The Niacin recommended dietary allowance, or RDA, is 16 milligrams for men, 14 milligrams for women, 18 milligrams during pregnancy and 17 milligrams of niacin daily for breastfeeding women, notes the Institute of Medicine. RDAs are estimated to meet the nutrition requirements of 97 to 98 percent of individuals in each population group, and should be treated as minimum daily needs.
Symptoms of Deficiency
Consuming too little niacin on a regular basis can lead to unpleasant side effects and health problems. These adverse effects may include vomiting, diarrhea, canker sores, fatigue, indigestion, cracked scaly skin, a swollen bright red tongue, a burning sensation in your mouth, forgetfulness and depression, according to the University of Maryland Medical Center. If you're experiencing any of these symptoms, see a doctor who can determine if you do indeed have niacin deficiency. If so, boost your intake of niacin-rich foods and take a niacin supplement as recommended by your doctor.
How Much is Too Much?
While it's unlikely you'll ingest too much niacin by eating niacin-rich foods, taking high doses of niacin supplements can lead to toxicity. The Institute of Medicine notes the tolerable upper intake level, which is the highest amount unlikely to cause health problems, is 35 milligrams of niacin daily. The University of Maryland Medical Center notes that taking doses of 50 milligrams of niacin or more daily can cause side effects, such as burning and tingling in the face and chest, red flushed skin, stomach ulcers and liver damage. It can also interact with certain medications.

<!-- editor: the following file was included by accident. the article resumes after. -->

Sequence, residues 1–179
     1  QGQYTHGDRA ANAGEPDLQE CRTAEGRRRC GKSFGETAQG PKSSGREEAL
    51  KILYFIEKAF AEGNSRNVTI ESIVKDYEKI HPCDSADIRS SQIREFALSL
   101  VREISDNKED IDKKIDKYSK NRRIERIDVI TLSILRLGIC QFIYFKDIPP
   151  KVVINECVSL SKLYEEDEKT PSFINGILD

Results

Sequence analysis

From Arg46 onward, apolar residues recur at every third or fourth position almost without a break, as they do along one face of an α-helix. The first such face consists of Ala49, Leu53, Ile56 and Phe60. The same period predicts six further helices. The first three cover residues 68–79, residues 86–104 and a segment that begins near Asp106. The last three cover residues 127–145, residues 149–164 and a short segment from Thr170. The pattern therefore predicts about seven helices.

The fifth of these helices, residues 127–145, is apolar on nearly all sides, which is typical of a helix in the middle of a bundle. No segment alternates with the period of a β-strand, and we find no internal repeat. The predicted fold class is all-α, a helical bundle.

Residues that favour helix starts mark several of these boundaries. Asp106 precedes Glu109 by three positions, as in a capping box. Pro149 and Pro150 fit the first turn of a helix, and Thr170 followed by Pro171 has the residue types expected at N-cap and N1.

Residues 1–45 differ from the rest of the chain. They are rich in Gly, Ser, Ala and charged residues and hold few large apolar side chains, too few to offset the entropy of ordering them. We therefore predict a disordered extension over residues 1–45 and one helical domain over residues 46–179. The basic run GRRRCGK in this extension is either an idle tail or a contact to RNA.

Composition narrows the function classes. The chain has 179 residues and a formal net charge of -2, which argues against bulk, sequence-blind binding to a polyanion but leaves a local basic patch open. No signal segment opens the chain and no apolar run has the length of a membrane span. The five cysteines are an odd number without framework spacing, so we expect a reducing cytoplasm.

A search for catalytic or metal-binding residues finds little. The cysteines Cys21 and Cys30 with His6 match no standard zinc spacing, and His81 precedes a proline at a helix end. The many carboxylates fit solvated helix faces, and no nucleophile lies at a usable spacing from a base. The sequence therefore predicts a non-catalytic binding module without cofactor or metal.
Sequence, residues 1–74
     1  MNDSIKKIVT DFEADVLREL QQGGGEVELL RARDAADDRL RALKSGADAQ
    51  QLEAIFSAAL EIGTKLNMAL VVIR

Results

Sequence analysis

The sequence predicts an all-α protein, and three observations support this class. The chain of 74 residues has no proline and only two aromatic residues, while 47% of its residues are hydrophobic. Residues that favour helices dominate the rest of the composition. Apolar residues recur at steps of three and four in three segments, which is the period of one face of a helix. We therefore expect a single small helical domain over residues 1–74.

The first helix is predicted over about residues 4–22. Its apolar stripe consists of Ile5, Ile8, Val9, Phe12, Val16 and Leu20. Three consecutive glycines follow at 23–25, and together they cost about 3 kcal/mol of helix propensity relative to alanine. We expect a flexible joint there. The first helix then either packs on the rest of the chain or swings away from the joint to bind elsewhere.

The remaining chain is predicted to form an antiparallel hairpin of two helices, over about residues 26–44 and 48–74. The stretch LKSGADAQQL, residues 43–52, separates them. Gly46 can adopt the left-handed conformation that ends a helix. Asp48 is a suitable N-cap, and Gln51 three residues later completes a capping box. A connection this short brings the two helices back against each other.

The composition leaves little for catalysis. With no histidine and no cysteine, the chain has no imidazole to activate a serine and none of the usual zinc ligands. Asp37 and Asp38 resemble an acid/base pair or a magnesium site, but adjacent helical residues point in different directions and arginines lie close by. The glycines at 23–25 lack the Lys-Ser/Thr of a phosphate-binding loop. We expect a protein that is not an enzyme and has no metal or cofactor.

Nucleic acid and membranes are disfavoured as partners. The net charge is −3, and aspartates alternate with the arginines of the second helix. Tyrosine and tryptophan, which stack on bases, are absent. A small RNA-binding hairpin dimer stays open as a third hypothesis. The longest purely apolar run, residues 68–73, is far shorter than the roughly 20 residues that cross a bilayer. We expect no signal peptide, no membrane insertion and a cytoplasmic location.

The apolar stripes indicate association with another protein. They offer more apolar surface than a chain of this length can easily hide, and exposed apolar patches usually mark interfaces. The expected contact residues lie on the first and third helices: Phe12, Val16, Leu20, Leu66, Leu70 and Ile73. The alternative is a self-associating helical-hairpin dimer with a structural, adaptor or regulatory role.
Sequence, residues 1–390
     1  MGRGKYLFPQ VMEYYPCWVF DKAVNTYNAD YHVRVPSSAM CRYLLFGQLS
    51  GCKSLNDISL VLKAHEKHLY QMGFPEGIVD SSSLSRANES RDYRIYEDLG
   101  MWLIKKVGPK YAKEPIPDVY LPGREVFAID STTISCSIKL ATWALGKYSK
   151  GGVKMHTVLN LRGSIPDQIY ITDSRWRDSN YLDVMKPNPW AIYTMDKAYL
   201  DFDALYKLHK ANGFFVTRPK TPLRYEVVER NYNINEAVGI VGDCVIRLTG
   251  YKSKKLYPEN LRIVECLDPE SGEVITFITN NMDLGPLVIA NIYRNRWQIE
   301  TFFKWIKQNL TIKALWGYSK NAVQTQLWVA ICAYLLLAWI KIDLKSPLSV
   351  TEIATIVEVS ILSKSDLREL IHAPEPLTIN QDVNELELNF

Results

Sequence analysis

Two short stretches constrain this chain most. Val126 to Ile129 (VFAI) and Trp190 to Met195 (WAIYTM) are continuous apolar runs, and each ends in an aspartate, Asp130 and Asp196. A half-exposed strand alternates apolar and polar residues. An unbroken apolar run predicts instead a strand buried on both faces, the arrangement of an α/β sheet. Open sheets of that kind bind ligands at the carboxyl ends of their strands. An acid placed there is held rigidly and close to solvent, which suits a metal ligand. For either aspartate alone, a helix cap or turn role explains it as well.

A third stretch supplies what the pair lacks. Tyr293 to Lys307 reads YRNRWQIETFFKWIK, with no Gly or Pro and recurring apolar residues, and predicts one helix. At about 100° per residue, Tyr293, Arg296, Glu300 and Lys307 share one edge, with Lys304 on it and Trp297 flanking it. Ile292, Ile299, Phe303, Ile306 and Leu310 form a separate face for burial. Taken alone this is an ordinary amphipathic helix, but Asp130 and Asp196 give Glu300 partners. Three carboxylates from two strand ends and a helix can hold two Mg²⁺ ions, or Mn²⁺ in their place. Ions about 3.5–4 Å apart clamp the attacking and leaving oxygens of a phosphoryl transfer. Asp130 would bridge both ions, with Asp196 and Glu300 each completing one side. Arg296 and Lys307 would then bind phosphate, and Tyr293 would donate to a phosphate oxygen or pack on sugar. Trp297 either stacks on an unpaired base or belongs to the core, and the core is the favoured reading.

Benefits of Prescription Niacin
Taking high doses of niacin in the form of prescription medications may help improve high blood cholesterol. Some of these cholesterol-lowering products contain up to 500 milligrams of niacin, according to MedlinePlus. The University of Maryland Medical Center notes that taking aspirin 30 minutes before high doses of niacin can help prevent skin flushing. However, because niacin can interact with other medications and cause unpleasant or dangerous side effects, never ingest large amounts of niacin without consulting with and being monitored by a doctor.
An experienced health, nutrition and fitness writer, Erin Coleman is a registered and licensed dietitian and holds a dietetics degree from the University of Wisconsin-Madison. She also has worked as a clinical dietitian and health educator in outpatient settings. Erin's work is published on popular health websites, such as TheNest.com and JillianMichaels.com.